Friday, June 13, 2014

Anchor Light, Shrouds and Chainplates

Sarah needed an anchor light so I installed one. Here it is.



I guess this is the actual size, and I believe it throws out 1 million candles. The biggest pain was fishing out the wire up at the top of the mast. Took about an hour with Lee's forceps (a retired veterinarian) and a bent steel wire. 

 While the mast was down I had the standing rigging checked. Turns out you only need three things to do a basic check; Eyes, a Magnet and a Knife.  Look for rusty spots, scrape away the rust and you might find a crack. Use the magnet to see if it's attracted to the wire, older wires (early 80s) were not made with 316 stainless. Turns out Sarah had the original upper shrouds, therefore the magnet was all over them.

If you look close at the picture above you can see the cracks to the left of the split in the white plastic cover. Now, these have lasted 30 years so I am not sure if they actually needed a replacement...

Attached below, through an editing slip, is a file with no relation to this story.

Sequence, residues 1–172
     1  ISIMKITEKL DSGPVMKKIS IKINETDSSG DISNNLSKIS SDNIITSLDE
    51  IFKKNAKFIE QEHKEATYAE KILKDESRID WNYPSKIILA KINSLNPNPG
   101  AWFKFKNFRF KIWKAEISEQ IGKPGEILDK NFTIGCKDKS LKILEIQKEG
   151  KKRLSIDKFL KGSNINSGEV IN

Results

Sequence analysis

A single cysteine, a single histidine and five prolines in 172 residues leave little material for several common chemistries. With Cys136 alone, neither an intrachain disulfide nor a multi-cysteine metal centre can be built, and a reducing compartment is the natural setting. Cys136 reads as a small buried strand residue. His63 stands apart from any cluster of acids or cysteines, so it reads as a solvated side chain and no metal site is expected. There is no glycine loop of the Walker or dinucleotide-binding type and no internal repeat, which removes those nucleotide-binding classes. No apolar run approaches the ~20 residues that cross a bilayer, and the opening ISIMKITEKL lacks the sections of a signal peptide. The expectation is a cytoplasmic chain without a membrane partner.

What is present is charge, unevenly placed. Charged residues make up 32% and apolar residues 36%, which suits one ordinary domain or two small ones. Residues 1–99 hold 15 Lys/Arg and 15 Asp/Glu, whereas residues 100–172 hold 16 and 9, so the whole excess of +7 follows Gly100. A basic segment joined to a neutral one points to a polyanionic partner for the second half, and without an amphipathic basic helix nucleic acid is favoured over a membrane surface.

but I went with the rigger's recommendations and had two new cap shrouds made up by Rigging Solutions in North Dartmouth (still not sure how much I'm paying for them).



While the mast was down, Allyson and I took a couple days and removed all the deck chainplates, replaced every nut and screw and rebed them. Paul, the boatyard Sensei, suggested using butyl rubber tape around the border of the chainplate and put caulking in the center. When you tighten down the bolts the butyl tape will spread out and push the sealant down into the bolt holes. Then you just rip off the tape that squeezed out leaving no caulking disaster to clean up with acetone. We bought the butyl tape a Glaser Glass in New Bedford for $8.50 a roll. 

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